Even babies can spot a villain
Nice guys finish last? Not in the eyes of babies. Yale University researchers report in Nature that 28 tots aged 10 to 12 months showed a preference for kind and helpful characters. "This supports the view that our ability to evaluate people is a biological adaptation—universal and unlearned,'' the study authors write. The kids watched a puppet show put on by researchers involving a climber struggling to ascend a mountain. Sometimes the climber would get an assist from a Good Samaritan, other times he would be blocked from reaching the summit by a meanie. When the two supporting characters were placed in front of the children, they overwhelmingly reached for the helpful puppet. When a neutral character was introduced, the infants showed a preference for the helper over the bystander, but opted for the do-nothing bystander over the evil puppet. The findings indicate that the ability to socially evaluate people by their behavior toward others may be a building block for moral reasoning. (Nature News, BBC News)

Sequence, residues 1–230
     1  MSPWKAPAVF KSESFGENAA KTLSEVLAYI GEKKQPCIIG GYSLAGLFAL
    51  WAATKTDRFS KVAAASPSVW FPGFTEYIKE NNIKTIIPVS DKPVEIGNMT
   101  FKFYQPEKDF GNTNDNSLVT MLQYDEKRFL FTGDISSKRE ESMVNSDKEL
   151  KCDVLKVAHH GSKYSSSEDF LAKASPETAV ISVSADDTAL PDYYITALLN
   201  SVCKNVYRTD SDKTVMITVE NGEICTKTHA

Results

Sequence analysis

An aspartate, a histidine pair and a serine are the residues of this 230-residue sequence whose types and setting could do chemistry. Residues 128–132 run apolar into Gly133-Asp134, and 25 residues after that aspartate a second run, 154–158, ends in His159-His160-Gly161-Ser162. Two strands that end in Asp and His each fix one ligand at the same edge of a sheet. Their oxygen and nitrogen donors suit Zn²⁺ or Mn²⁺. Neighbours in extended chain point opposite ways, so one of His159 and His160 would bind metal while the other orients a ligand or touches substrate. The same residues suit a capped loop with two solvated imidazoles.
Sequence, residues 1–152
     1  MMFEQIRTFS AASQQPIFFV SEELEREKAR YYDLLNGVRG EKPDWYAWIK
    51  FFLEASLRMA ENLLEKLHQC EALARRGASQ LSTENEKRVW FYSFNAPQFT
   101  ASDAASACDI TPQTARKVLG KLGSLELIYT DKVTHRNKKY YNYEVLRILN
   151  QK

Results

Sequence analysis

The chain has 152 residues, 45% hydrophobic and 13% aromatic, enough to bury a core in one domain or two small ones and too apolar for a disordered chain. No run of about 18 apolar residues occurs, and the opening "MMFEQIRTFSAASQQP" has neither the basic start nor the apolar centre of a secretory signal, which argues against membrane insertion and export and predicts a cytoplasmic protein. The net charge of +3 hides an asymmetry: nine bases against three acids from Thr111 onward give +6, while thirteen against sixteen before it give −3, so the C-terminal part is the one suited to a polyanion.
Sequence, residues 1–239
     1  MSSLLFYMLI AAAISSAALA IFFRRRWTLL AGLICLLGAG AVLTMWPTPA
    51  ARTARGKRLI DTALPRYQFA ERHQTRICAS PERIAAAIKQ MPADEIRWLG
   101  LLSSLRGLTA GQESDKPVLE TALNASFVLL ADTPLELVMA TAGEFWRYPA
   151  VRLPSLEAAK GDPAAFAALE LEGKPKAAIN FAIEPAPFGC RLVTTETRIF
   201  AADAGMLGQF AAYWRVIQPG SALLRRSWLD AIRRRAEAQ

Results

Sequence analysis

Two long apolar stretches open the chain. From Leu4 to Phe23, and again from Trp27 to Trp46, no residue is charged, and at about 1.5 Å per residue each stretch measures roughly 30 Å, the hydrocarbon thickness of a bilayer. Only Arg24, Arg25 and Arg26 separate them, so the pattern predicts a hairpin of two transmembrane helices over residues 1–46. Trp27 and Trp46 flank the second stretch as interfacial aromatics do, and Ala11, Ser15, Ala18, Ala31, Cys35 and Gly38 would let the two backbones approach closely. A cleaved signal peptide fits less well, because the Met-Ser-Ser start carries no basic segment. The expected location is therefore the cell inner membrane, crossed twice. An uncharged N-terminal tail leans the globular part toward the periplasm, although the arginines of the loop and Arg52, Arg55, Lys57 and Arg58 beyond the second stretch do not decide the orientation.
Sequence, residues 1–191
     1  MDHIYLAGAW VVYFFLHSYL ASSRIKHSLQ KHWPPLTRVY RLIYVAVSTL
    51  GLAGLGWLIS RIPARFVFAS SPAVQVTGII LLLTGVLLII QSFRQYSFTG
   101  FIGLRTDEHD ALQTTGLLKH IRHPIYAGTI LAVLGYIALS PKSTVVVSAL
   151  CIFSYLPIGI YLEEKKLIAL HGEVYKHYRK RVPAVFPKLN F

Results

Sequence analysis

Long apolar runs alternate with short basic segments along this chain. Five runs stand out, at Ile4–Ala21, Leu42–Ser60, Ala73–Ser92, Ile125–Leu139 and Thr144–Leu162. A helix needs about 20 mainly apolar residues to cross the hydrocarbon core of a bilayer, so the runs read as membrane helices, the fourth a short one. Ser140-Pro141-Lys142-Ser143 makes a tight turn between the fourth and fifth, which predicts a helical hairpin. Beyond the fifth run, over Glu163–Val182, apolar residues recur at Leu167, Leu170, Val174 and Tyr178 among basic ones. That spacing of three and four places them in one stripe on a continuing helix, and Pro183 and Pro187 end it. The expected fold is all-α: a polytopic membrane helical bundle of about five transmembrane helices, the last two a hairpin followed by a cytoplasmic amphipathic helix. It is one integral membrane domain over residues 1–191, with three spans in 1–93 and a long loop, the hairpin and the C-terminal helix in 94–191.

Lost your sense of self? You can still have a sense of others
It's probably meager consolation, but patients who have lost their ability to remember info about themselves (think the new TV sitcom Samantha Who?, starring Christina Applegate), can still walk a mile or two in someone else's shoes. Canadian and U.K. researchers found that two patients who had lost their autobiographical memory (not to mention the ability to view themselves in future situations—such as dreaming about their wedding day) were able to pick up emotional cues and figure out the intentions of others. In fact, they performed just as well as 14 other study subjects with normal brain function. The volunteers were tasked with decoding information about other people?s emotional state by looking at their faces, listening to stories and observing scenes. Researchers say the findings, published in Science, indicate that episodic memory is not essential for gleaning insight into others, an ability that may be controlled by semantic memory (the memory of facts about people and places). (press release, CBC News)